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|Title: ||Mars Science Laboratory Entry, Descent, and Landing System Overview|
|Authors: ||Steltzner, Adam D.|
Burkhart, P. Dan
Comeaux, Keith A.
Guernsey, Carl S.
Kipp, Devin M.
Lorenzoni, Leila V.
Mendeck, Gavin F.
Powell, Richard W.
Rivellini, Tommaso P.
San Martin, A. Miguel
Sell, Steven W.
Way, David W.
|Keywords: ||Mars Science Laboratory (MSL)|
Entry, Descent, and Landing (EDL)
|Issue Date: ||12-Jun-2010 |
|Publisher: ||Pasadena, CA : Jet Propulsion Laboratory, National Aeronautics and Space Administration, 2010.|
|Citation: ||International Planetary Probe Workshop, Barcelona, Spain, June 12, 2010.|
|Abstract: ||In 2012, the Mars Science Laboratory (MSL) mission will pioneer the next generation of robotic Entry, Descent, and Landing (EDL) systems by delivering the largest and most capable rover to date to the surface of Mars. In addition to landing more mass than prior missions to Mars, MSL will offer access to regions of Mars that have been previously unreachable. The MSL EDL sequence is a result of a more stringent requirement set than any of its predecessors. Notable among these requirements is landing a 900 kg rover in a landing ellipse much smaller than that of any previous Mars lander. In meeting these requirements, MSL is extending the limits of the EDL technologies qualified by the Mars Viking, Mars Pathfinder, and Mars Exploration Rover missions. Thus, there are many design challenges that must be solved for the mission to be successful. Several pieces of the EDL design are technological firsts, such as guided entry and precision landing on another planet, as well as the entire Sky Crane maneuver. This paper discusses the MSL EDL architecture and discusses some of the challenges faced in delivering an unprecedented rover payload to the surface of Mars.|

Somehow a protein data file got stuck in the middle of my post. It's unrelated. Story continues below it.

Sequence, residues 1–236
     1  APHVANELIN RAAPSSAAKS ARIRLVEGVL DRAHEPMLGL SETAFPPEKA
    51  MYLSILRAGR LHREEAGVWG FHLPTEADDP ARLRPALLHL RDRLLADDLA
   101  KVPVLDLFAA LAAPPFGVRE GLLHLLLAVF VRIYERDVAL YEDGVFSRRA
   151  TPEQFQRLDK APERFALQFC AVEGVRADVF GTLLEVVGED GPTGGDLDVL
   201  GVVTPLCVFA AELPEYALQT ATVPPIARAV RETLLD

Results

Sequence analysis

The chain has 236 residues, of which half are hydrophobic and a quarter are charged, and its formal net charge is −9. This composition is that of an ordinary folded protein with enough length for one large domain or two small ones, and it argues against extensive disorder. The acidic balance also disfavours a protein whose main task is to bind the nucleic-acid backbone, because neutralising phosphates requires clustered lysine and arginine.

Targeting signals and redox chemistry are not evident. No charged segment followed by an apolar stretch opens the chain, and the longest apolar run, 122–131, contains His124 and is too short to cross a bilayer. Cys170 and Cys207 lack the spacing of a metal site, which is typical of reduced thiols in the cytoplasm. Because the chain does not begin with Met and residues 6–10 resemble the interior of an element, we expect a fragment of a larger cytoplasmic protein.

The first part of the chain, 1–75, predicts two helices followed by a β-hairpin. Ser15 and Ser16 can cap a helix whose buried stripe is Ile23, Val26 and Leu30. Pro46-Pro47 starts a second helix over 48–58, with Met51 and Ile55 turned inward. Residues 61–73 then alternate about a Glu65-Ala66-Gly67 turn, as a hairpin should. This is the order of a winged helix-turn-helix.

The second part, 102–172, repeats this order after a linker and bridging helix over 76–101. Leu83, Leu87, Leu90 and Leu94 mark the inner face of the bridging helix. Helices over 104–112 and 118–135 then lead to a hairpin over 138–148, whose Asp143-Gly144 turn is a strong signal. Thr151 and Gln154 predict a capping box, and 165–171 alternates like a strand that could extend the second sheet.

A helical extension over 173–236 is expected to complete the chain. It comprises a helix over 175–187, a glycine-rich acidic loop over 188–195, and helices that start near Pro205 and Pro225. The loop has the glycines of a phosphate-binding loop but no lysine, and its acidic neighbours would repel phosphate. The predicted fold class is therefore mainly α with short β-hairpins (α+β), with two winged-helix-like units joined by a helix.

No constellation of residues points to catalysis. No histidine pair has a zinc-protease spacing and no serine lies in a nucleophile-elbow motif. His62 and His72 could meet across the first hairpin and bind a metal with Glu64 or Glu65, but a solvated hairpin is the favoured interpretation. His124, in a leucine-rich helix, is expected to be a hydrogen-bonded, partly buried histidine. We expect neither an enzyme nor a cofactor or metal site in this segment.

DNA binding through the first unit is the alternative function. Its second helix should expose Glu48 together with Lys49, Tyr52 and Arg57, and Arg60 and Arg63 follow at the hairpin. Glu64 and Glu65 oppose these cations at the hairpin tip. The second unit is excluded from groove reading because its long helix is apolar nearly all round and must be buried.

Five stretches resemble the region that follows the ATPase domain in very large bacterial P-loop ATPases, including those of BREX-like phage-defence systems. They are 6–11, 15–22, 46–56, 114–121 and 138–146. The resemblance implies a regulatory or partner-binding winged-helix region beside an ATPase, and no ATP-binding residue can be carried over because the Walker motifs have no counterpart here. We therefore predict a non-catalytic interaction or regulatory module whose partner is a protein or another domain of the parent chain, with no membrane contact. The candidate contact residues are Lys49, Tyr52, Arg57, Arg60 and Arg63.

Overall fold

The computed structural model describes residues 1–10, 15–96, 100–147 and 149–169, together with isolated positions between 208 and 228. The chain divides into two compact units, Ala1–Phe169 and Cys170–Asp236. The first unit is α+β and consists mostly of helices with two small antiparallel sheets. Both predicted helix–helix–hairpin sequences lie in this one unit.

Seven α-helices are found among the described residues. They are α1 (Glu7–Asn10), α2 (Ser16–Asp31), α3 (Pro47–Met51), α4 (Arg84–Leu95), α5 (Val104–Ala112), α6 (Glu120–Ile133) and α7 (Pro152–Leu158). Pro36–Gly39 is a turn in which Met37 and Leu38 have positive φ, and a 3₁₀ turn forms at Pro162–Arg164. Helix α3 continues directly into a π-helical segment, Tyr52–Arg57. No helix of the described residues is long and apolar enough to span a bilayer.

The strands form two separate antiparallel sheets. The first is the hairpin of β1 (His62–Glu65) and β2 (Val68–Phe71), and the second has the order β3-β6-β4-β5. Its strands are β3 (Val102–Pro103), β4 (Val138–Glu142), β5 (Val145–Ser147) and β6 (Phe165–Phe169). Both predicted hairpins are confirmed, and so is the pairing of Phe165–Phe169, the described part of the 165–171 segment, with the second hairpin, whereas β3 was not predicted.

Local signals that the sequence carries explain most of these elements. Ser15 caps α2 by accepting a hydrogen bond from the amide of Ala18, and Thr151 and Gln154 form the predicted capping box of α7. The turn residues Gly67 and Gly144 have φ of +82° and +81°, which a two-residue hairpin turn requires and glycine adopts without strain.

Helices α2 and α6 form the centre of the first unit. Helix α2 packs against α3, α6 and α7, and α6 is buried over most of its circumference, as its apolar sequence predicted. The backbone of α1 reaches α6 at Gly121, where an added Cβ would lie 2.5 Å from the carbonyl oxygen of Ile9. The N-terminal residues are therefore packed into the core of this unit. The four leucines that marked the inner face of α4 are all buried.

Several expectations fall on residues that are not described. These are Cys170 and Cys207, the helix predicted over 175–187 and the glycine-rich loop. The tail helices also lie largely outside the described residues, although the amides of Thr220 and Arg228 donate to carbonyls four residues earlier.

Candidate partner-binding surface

|Appears in Collections:||JPL TRS 1992+|
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